Deborah Lucas is in charge of Resources for In Print. She locates and researches information of interest to help inspire In Print members through their writing journeys.
I attended the 40th Annual Midwest Writers Workshop for three days in July. I had a blast hanging out with a great group of writers. Five agents were there and very generous with help on how to pitch, how to rise out of the slush pile and how to cope with the changing publishing industry.
I want to share some links to Victoria Marini, who – after a lecture – made herself available for unscheduled pitches. If your work is something she’s looking for, this is a link to her query guidelines. On her website, she recommends Nathan Bransford‘s blog and Rachelle Gardner, both have excellent advice on how to write a query letter.
More resource links are available on In Print’s Facebook page. If you have any resources you would like to pass along, please contact Deborah directly.
Deborah Lucas is in charge of Resources for In Print. She locates and researches information of interest to help inspire In Print members through their writing journeys. This month, she recommends Five Writing Tips from Blake Bailey.
“This is a 5 star blog. I found it by reading back through Janet Reid’s blog on all things from her first person agent advice, a wild list of stupid things we writers do when we query, and how to do it right. This one is about researching and writing non-fiction, but is interesting to any writer.”
More resource links are available on In Print’s Facebook page.
East Of The Web Short Stories is an open submission site and we are always on the look-out for ‘fresh new voices’. We continue to read all the submissions we receive and judge them on the quality of the writing, regardless of the author’s commercial experience. However, the standard of submissions is extremely high and you will be up against authors who take their writing seriously. Take time to read some of the stories on the site and if you think you have what it takes, we’d love to hear from you.
Zouch Magazine & Miscellany An underground literature, arts and society rag with an old school Victorian edge.
NewPages.com lists all kinds of places where you can submit your work.
Where has this been all my life? And why is Microsoft not promoting this better? What I’m talking about is Microsoft One Note. I discovered it by accident yesterday and already I can see so many uses for it, personally and as a writer (otherwise why would I be posting it on this blog). According to the Microsoft One Note website, you can “access, organize, and share documents, photos, and more”. And the best part about it is that it’s part of the Microsoft Office Products suite. If you have Microsoft Office (and who doesn’t these days) you have One Note. So you don’t have to go out and buy a new program.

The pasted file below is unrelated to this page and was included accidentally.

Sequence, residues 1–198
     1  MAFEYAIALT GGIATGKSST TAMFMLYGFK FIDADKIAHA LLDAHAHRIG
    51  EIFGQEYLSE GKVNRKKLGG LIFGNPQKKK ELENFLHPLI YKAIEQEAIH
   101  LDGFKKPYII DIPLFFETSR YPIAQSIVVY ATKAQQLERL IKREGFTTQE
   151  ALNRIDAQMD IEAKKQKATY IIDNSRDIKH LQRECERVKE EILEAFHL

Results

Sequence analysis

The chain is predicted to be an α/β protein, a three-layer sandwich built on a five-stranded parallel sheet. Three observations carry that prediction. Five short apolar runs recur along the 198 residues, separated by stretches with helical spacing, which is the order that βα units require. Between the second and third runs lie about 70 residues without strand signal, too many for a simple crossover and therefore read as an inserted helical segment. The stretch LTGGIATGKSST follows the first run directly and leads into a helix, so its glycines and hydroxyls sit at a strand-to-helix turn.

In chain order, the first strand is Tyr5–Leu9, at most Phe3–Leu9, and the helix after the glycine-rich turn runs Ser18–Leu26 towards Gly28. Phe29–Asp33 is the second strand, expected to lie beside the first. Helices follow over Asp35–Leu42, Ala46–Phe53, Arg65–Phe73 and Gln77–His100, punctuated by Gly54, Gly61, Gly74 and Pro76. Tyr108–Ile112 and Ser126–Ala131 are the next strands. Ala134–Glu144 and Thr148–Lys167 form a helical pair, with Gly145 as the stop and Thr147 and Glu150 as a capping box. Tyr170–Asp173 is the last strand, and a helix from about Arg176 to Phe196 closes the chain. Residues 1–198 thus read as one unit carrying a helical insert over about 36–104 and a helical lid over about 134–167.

According to Wikipedia, One Note was first introduced in 2003 and has undergone two upgrades since then. The current version is Microsoft One Note 2010. Ok enough of the Microsoft commercial. Why am I gushing about a silly computer program? Organization, easy access, time savings. No One Note is not going to make you a better writer or help you write more frequently but it might just make the process of writing a little easier. Instead of having to open file folder after file folder after file folder to access different parts of your novel or your work projects or even your personal documents, they can all be accessed through this program.
One Note acts like an organizer. In it you can create numerous ‘notebooks’ with high level headings like Personal, Work, Novel. Inside these ‘notebooks’ there are subsections that display as tabs across the top. These tabs can be broken down any way you want, for instance under a Personal ‘notebook’ you might have tabs for General, Finance, or Household. For writing your novel you can break down these tabs into Chapter 1, Chapter 2, Chapter 3 and so on. You can even include a tab for say Character Development or Research.
Microsoft One Note is very user friendly and it’s chock full of cool features, like the ability to take a screen capture or a video or audio recording and insert it into a document. There is even a share feature which allows you to sync your notebooks between your desktop, laptop, work computer, or tablet. It also allows you to share work with others so they can view and/or contribute to the work.
I haven’t had a chance to fully explore the program yet, especially since I just discovered it yesterday. But all in all it seems that Microsoft One Note is a great tool for organizing any and all kinds of data on your computer. I have already started setting up my ‘notebooks’ and see a long and harmonious future together for me and Microsoft One Note.
— Posted by Linda Price-Kleczkowski